Philosophy 312: Oriental Philosophy
The Principle of Charity
Principle of Charity is a presumption often made in
philosophy whereby preconceptions about an argument, a topic, or a belief
are set aside in the attempt to gain new understanding.
Principle of Charity is a methodological presumption made in seeking to
understand a point of view whereby we seek to understand that view in its strongest, most
persuasive form before subjecting the view to evaluation.
- While suspending our own beliefs, we seek a sympathetic understanding of the
new idea or ideas.
- We assume for the moment the new ideas are true even
though our initial reaction is to disagree; we seek to tolerate
ambiguity for the larger aim of understanding ideas which might prove
useful and helpful..
- Emphasis is placed on seeking to understand rather
than on seeking contradictions or difficulties.
- We seek to understand the ideas in their most
persuasive form and actively attempt to resolve contradictions.
If more than one view is presented, we choose the one that appears the
- The principle of charity is a methodological principle—ideas
can be critiqued after an adequate understanding is achieved.
The original presumption of setting aside our own beliefs and assuming
the new ideas are true is only a provisional presumption.
- Hence, we should listen and read in the beginning as
if we had no personal attitudes. We should seek to be open and
- This attitude, if maintained, frees the
conditioned mind and enables it to absorb and understand the new.
- In essence, we just start with a simple desire to get
a point not understood upon first acquaintance.
- Refinements of the principle of charity in philosophy include the
principle of rational accommodation whereby we attempt to maximize
truth and the principle of humanity where we attempt to maximize
- Willard Van Orman Quine's version of the principle is this maxim of
translation: "[[A]ssertions startingly false on the face of them are
likely to turn on hidden differences of languages." (W. V. O. Quine, Word
and Object (Cambridge, Mass: The M. I. T. Press, 1960), 59.)
- Donald Davidson suggests the principle of charity (or, in his
words, "the principle of rational accommodation") should
attempt to "maximize" sense and "optimize" agreement when
invoked with respect to coherence and factual correspondence of
what is said.
- Principle of Coherence:
seeks "logical consistency in the thought of the speaker."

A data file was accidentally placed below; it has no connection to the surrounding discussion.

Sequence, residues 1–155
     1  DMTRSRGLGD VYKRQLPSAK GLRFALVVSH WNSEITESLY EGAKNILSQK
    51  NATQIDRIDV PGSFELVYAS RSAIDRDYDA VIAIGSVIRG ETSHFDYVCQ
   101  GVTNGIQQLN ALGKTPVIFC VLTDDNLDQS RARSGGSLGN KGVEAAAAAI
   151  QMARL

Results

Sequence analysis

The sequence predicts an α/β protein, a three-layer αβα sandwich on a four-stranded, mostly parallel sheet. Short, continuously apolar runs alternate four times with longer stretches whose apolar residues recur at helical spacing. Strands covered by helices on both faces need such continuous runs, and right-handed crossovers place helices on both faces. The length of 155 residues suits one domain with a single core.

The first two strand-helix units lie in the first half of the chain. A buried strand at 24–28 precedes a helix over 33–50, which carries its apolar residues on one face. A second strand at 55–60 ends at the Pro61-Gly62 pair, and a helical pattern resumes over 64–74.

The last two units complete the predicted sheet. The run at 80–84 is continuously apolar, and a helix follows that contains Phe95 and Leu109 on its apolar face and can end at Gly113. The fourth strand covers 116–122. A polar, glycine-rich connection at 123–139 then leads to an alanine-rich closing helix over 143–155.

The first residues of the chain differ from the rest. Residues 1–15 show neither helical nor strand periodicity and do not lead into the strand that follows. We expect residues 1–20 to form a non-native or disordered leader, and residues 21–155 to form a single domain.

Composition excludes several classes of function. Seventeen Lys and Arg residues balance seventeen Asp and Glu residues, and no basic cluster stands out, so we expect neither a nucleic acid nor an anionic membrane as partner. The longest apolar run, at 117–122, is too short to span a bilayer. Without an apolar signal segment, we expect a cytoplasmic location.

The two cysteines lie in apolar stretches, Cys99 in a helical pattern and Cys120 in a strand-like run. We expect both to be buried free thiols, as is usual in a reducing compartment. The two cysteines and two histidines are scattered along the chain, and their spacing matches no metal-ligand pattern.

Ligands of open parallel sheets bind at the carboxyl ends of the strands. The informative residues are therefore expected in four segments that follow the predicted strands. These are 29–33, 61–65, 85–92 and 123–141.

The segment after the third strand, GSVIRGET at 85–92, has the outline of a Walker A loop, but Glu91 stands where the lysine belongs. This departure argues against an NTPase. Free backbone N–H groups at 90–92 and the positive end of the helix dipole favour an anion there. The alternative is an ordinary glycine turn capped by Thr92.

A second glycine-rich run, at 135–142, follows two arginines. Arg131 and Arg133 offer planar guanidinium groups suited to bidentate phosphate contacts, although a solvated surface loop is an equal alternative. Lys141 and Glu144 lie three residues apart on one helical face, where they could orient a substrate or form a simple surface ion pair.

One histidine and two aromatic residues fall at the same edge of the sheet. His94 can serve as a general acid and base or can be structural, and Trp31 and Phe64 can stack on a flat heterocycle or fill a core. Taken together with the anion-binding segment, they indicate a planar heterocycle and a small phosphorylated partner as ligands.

- Principle of Correspondence:
seeks the same feature of the world that [we] would be
responding to under similar circumstance."
- The humanity principle
as put forward by Richard Grandy is that we should initially interpret
a different philosophical point of view in accordance with the
assumption that the interrelation of belief and reality being
expressed is similar to our own. As Donald Dennett explains
the principle of humanity,
"[O]ne should attribute to [the person's whose view we are
attempting to understand] … the propositional attitudes one
supposes one would have oneself in those circumstances."
- Some examples of uses and possible benefits on the application of
the principle of charity in the analysis for new ideas:
- Feynman writes in his Nobel Prize Lecture
about struggling with the notion of backward causation in quantum electrodynamics:
… all physicists know from studying Einstein and Bohr, that sometimes
an idea which looks completely paradoxical at first, if analyzed to completion in all
detail and in experimental situations, may, in fact, not be paradoxical.
- Dostoevsky writes in his
Notes from Underground
that what is not in one's own interest may be precisely that which is
in one's own interest:
Through consideration of the seemingly contradictory idea that one's advantage can
be what is not ones advantage, Dostoevsky reveals the notion of unconscious
tell me, who was it first announced, who was it first proclaimed, that man only
does nasty things because he does not know his own interests; and that if he were
enlightened, if his eyes were opened to his real normal interests, man would at
once cease to do nasty things, would at once become good and noble … we all
know that not one man can, consciously, act against his own interests … And
what if it so happens that a man's advantage, sometimes not only may, but
even must, consists in his desiring in certain cases what is harmful to himself
and not advantageous[?]
- In Hinduism, God may be worshiped as a child when the devotee
worships Krishna. A Christian, uncharitably, might be inclined to believe
Hinduism is a polytheistic religion. Yet, for the Christian, the notion
of the Christ Child could be suggested by the application of the principle
of humanity in order to help understand this ideal in Hinduism.
Swami Vivekanda writes:
The similarity belief and attitudes between Christianity and Hinduism,
in this regard, removes unnecessary difficulties in understanding.
The next [human representation of the ideal of divine love]
is what is known as Vatsalya, loving God not as our Father but as our
Child. This may look peculiar, but it is a discipline to enable us
to detach all ideas of power from the concept of God. … [T]he
Christian and the Hindu can realize [this idea of God as Child] easily,
because they have the baby Jesus and the baby Krishna.
Code of Conduct for Effective Rational Discussion. Jonathan Davis's
useful summary of twelve principles of for open discussion in Usenet
debates is drawn from Attacking Faulty Reasoning by T. Edward
of Charity. Philosophical and rhetorical principles are briefly
summarized by Wikipedia.
- Unbeggable Questions.
( PDF) Some problems with the principle of charity are noted in
passing in this paper from Analysis by Roy Sorensen on the
fallacy of begging the question.
Check your understanding
with a Quiz on The Principle of Charity.